COASSF-01-Survival Guide for the First Three Days

Thread below: Confession of a Stanford Sloan Fellow (aka, "COASSF") is a long-running series that highlights the wonderful life on campus in Stanford Graduate School of Business' Sloan Fellow Program.

For all the incoming Sloan Fellows of 2012-2013, the following items are
listed in descending order of pressing urgency.

  1. Pick up your apartment keys from EV/Munger front desk
  2. Pick up your student ID from either Knight Management Center or Student's Union, which is the main hub for all sorts of student activities, close to Stanford Bookstore.
  3. Pick up your textbooks (five) from Sally at Knight Management Center and say Hi to her.
  4. Check into your apartment, make sure keys, electricity, phone and water work fine, and start writing down a list of what-to-buy for the next few days.
  5. Get a local 650 phone number. Go to University Ave in Palo Alto (this is like The Village in Beijing), as you can find both AT&T and Verizon stores here within walking distance. I think you can apply Stanford's student discount only on a two-year contract so be careful of what you sign up for (iPhone5 is rumored to come out in this fall). Stanford's area code is 650 so make sure this is the one you get(this is what we're here for right?), and not some codes from totally-uncool suburban areas. Also be aware that SMS text is not a necessity in US (depending who you ask). A lot of Americans don't do SMS. My package
    doesn't include a quota for text message so I'll be charged 25c for every text message and I'm fine with that. My wife and I have a family plan from AT&T and our combined monthly cost is about $150. My data quota is 3GB -it should be sufficient as we can ride on Stanford wi-fi on campus.
  6. Parking on University Ave is not difficult at all. There is a parking tower located on the northwest corner of University Ave and Bryant St. It's free for the first three hours (quite a deal considering how difficult it is to park in the street). I can always find available parking here without fail.
  7. SMS text is a very outdated technology, no better than VCD. I suggest we all use WeChat(微信) from Tencent(腾讯) to communicate. It's superior to traditional SMS in every way. It's available on both iOS and Android, but not on Blackberry (pls, for the love of God, throw away your BB if you haven't already done so. BB belongs to museums). For non-Chinese, go with either whatsapp or Kik or iMessage or a gazillion of other choices.
  8. To get through the first night, you need: 1) pillow, 2) quilt, 3) bed sheet. The easy solution is to visit IKEA in nearby Palo Alto and get it done. For more details on the shopping guide, read on.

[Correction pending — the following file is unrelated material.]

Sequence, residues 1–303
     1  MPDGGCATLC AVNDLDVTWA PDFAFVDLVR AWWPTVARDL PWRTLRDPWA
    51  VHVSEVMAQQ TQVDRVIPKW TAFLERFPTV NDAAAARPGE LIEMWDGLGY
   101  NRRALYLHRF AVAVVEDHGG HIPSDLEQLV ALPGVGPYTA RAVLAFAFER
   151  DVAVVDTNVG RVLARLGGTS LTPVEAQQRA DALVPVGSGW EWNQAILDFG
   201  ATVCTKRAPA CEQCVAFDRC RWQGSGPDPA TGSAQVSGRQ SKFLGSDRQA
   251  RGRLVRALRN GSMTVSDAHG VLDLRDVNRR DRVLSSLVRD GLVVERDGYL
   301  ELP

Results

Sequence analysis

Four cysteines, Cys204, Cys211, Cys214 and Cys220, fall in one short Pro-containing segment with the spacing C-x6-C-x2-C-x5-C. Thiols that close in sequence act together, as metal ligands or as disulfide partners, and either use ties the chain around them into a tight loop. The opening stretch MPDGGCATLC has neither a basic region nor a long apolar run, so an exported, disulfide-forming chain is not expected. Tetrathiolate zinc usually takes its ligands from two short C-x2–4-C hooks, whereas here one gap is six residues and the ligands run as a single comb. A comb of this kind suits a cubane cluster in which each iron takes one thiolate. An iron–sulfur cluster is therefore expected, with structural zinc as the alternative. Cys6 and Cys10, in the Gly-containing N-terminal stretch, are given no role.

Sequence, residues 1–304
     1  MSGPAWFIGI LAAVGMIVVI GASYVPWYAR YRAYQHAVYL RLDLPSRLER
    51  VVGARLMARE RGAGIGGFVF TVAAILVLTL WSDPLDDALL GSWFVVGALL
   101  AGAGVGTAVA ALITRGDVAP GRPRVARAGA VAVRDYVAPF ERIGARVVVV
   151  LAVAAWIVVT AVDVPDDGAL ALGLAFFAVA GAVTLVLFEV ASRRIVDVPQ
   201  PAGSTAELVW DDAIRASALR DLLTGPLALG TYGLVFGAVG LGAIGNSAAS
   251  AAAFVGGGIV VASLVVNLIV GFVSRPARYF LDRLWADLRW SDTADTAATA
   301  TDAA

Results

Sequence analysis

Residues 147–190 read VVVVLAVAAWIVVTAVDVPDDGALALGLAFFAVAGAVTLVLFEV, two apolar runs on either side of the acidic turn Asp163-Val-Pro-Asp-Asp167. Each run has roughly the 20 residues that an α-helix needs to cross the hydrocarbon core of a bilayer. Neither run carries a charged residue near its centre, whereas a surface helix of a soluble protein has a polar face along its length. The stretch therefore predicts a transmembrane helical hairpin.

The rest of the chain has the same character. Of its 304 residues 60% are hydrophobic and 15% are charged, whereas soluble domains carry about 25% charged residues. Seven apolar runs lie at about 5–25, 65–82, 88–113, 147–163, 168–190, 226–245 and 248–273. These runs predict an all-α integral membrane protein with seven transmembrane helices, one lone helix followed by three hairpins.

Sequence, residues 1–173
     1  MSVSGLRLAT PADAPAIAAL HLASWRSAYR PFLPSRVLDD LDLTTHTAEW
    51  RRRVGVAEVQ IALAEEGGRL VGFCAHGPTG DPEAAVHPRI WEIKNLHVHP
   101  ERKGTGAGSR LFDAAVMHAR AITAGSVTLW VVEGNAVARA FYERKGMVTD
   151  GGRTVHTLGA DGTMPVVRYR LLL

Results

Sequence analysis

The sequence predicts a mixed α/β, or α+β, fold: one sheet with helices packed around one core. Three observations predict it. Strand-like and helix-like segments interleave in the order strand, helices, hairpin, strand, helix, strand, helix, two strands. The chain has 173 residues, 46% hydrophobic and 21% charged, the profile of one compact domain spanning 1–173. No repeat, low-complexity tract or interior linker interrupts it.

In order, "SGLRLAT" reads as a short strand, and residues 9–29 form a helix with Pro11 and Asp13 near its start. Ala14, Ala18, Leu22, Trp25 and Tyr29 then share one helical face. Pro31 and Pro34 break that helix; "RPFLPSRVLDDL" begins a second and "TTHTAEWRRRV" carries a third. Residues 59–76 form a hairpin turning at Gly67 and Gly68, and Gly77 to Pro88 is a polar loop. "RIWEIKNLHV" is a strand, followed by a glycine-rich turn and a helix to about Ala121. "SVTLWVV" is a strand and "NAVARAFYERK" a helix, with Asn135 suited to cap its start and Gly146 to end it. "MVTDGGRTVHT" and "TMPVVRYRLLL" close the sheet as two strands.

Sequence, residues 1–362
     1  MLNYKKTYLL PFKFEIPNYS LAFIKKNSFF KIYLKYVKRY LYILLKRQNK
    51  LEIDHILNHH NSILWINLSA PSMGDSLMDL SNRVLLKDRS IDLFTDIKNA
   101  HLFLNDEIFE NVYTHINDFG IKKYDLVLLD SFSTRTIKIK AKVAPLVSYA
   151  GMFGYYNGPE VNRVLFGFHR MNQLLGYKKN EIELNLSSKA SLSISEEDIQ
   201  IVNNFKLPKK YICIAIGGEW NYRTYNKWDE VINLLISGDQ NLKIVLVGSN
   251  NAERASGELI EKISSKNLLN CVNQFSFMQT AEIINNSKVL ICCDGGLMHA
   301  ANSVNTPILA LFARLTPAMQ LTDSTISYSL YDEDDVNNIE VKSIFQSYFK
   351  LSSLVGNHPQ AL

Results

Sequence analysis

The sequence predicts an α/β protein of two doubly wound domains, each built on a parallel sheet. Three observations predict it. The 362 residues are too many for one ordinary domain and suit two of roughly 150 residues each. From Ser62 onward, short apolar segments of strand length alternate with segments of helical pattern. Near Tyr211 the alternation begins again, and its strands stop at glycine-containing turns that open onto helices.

9. Assuming you have a car/rental car now, you'll need to buy parking permit from Stanford's Department of Transportation and Parking so that you can park your car in EV. It's not open on weekends so do it the first thing in the morning on Monday. They only sell "summer quarter" permit through September (the end of current academic year) for $75. In August they'll start selling $300/year parking permit for the new academic year. Our parking permit is of type RS (for residents).
  10. Get online. Go to http://rescomp.stanford.edu/ to register all your devices that need to have Internet connection, including desktop / laptop / iPad / phone / Apple TV / PS3 / Xbox. You'll get on the wi-fi network "Stanford Residence". It's fast and reliable, good enough to watch streaming movie without a hiccup. If you have a router, you can also establish your own wi-fi network for yourself (a good thing to do). Be aware that even with your own in-room wi-fi network up and running, you still need to register all your devices onto Stanford's network (this is for your own security protection). Between my wife and me we have at least ten devices that need to be registered. For the best help on IT, besides me you can also ask for help from RCC (resident computing consultant), who is also a student in the residence and trained to take care of all your computing needs. You can find out who is your RCC from rescomp website. Another trick to note: you can use one registered device to register another device which doesn't have a web UI. For example, you have a laptop that's already registered, but want to get your AppleTV registered as well. Note down the ethernet address of your AppleTV, login to rescomp using your laptop, and indicate that you're registering ANOTHER device, put down the ethernet ID of your AppleTV, and get it registered.
  11. Buy/lease a car. You can buy a new car (most expensive but entirely risk free), buy a used car from private parties (easiest  but a lot of risks), buy certified pre-owned cars from auto dealers (cheaper than buying a new car with minimum risk), or lease a car from rental-car companies. I don't know much about leasing, but I'd suggest buying certified pre-owned (CPO) cars from dealers. The process is very simple, visit an auto-dealer, test-drive, make payments, get auto-insurance on the spot, and drive the car away - all can be done in one day. Large dealers (you can find the authentic auto dealers from the brand's official website, such as www.audi.com) all have their own websites which list real-time car-lot inventory. Buying a car in an auto dealer is one of the most intimidating experiences in America so have fun with all the usual sales tricks. Note that bluetooch connection can be very handy here as it's illegal to hold your phone while driving.